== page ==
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Memories rescued from Statton auction

January 15, 2009|By HEATHER KEELS

HAGERSTOWN -- Jessica Statton Peachey watched quietly Thursday morning as an auctioneer led throngs of bidders up and down the rows of her family's 82-year-old furniture business, selling off sanders and drills, telephones and printers, and the last Statton Furniture tables, chairs and cabinets the company would probably ever sell.

"It's weird to have so many people in your space," said Peachey, 32, the great-granddaughter of founders Philo and Helen Statton. "I used to ride my Big Wheel down these halls. I grew up in this factory."

The company, off of Frederick Street in Hagerstown, announced last fall it would be closing due to a dropoff in sales as it has struggled to compete with less-expensive manufacturing overseas. Thursday was the first day of a two-day complete liquidation auction that company officials say is meant to prevent bankruptcy and ensure the company can provide its employees everything to which they are entitled.

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Numbered tags adorned everything from office equipment to the building's fire extinguishers.

"Anything that's not nailed down goes," former plant superintendent William Whittington said.

The building is to be auctioned at 1 p.m. today.

The first day of the auction attracted more than 500 bidders, including buyers from major furniture manufacturers from the Carolinas to New York, said Thomas Bikle, director of marketing and real estate for J.G. Cochran Auctioneers and Associates, which is running the auction. Also in the crowd were furniture connoisseurs, woodworking supply collectors and dozens of longtime Statton employees who stopped by to see the building one last time and walked out with a tool or two to remember it by.

"It's a part of your life they're selling," said Andrew Wivell, 45, of Smithsburg, a 25-year employee who worked as a supervisor until about two years ago. "This was like home."

When the company closed, employees had first pick of personal items they wanted to save from the auction, Peachey said.

"Some of 'em bought their tools and others bought their benches, for very little," she said.

Others returned to the auction to do the same thing.

"Guys that worked for us years ago, that I haven't seen in years and years, have come back for this and are getting things, getting tools that they used," Peachey said.

Dennis Stouffer, 59, of Boonsboro, whose 40-year career at Statton ended around Thanksgiving, bought an air sander that he had used and some staple guns.

Scott Smith, 50, of Falling Waters, W.Va., who was laid off in September after 32 years, picked up a belt sander, a band clamp and a few other tools. He said he has been living on unemployment since September, but is thinking about taking advantage of a self-employment class and opening his own custom shop.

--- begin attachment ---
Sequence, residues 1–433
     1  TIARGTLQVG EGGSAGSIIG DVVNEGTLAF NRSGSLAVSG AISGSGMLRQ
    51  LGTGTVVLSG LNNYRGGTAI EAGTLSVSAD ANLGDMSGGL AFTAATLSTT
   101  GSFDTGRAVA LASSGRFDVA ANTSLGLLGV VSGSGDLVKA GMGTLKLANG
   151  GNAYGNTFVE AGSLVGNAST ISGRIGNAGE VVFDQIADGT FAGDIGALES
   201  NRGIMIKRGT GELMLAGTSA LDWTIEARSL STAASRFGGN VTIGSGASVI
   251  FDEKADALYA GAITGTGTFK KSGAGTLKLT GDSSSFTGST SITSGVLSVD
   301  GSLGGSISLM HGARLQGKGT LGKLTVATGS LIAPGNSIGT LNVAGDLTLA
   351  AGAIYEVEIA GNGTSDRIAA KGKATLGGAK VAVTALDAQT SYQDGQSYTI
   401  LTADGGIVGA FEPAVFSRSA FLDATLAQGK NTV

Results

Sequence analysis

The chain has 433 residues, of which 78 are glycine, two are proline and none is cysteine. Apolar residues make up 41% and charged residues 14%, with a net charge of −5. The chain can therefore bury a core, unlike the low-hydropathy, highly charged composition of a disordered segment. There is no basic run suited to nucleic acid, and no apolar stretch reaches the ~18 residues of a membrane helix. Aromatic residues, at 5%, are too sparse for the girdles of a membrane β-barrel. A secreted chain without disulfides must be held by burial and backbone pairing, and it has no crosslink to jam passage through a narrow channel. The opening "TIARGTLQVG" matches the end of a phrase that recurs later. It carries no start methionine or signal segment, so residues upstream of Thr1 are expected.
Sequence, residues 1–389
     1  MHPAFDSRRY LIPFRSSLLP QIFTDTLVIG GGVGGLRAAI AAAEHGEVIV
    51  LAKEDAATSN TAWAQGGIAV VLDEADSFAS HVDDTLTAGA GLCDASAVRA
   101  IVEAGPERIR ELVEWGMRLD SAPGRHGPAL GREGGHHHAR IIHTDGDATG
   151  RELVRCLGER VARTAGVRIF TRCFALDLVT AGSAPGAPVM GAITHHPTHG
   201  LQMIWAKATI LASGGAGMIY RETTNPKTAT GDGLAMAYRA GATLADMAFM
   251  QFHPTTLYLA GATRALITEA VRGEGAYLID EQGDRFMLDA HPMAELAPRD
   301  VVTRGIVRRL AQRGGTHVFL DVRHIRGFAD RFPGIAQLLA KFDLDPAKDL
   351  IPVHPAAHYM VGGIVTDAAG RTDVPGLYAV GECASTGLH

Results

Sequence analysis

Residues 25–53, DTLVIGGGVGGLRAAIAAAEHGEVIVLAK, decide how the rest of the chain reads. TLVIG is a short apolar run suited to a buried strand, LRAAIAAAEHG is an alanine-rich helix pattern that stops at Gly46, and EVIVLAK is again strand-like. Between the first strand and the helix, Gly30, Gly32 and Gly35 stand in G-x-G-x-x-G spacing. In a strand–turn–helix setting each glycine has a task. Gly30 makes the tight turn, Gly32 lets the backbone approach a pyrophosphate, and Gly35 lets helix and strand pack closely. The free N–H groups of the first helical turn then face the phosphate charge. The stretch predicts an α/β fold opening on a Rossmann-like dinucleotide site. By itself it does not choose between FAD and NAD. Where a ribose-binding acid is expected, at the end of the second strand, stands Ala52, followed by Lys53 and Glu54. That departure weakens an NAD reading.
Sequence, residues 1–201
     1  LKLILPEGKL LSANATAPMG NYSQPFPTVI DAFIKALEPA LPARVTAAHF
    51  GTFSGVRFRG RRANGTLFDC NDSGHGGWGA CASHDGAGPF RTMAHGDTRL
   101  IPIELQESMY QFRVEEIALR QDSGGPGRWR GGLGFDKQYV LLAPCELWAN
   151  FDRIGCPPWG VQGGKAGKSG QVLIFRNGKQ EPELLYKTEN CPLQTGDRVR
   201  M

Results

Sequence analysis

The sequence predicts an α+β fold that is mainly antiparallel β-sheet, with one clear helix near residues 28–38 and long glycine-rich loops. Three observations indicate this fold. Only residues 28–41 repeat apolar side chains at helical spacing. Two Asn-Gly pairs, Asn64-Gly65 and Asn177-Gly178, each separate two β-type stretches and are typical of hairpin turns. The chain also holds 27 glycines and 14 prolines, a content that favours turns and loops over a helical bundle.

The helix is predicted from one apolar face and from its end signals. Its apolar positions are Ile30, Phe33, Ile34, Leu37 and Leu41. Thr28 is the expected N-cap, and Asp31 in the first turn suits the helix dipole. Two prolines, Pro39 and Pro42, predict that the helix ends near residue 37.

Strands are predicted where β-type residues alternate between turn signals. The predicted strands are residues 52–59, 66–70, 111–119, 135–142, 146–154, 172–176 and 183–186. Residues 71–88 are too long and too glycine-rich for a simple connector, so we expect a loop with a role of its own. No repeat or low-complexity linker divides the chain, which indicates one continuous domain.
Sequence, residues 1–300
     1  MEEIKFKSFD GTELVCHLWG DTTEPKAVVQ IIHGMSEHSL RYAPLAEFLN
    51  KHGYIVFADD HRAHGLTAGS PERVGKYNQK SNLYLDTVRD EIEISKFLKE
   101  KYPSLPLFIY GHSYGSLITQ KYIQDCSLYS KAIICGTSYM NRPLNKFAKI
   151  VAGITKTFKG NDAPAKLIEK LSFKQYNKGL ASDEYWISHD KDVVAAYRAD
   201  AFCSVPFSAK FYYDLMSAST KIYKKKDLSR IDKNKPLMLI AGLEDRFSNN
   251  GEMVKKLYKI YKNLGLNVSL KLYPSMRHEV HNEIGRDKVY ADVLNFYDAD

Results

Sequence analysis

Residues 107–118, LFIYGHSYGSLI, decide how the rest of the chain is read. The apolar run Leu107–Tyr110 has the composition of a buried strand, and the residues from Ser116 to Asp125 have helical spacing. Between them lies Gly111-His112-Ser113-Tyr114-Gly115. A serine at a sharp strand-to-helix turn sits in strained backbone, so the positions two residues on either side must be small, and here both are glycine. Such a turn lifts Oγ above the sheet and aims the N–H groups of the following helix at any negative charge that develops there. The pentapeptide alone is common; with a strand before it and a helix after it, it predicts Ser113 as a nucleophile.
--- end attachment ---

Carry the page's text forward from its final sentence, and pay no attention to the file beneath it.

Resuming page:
Lennis Knott, 52, of Boonsboro, who ran machinery at Statton in the 1970s and 80s, bought a table and a "Statton Connoisseur Collection" plaque to hang in his garage.

"There's a lot of pride in what went out of here," he said.

Doug Frost, 46, of Hagerstown, who spent a decade working for Statton starting in 1982, said there was no furniture around that could match Statton's in quality.

"This furniture will last forever," he said. "That other stuff gets wet, gets damp and falls apart."

Peachey, who worked at the company as a sales and marketing manager for seven years, said the furniture's quality was a product of construction processes few companies use anymore, such as a 27-step finishing process, dovetailed drawers and "floating construction," which allows the wood to shrink and expand as the weather changes without cracking.

As mom and pop furniture stores die out and customers turn more and more to catalogs and discount importers, many never hear about the value of these features, Peachey said.

"There's nobody to educate the customer about what fine furniture is, so our furniture is getting lost amongst everything else," she said. "People think that Pottery Barn is high end."

With each company like Statton that goes out of business, the art of fine furniture-making comes closer to extinction, she said.

"We are truly one of the very last people that do what we do, and have a history of doing it and passing that history down," Peachey said. "Once it goes, it goes."

One of the bidders at Thursday's auction said he is making an effort to keep that art alive.

Stephen P. Hebert, President of Jefferson, Md.-based Monumental Construction Co., was at the auction to rescue old woodworking machinery that might otherwise end up being sold to scrappers.

"It's a shame, because this stuff is made so well, but some of it is obsolete in today's marketplace," he said.

Hebert restores the equipment and uses it for custom woodwork and restoration projects for clients like the White House and historic churches. He is teaching the craft to his son "as a link to carry on the tradition of woodworking in the finest sense," he said.

Statton, he said, is a prime example of that tradition.

"I've been building furniture my whole life and I know what's good, and this is good stuff," he said. "This was a treasure, and most of us didn't even know about it."

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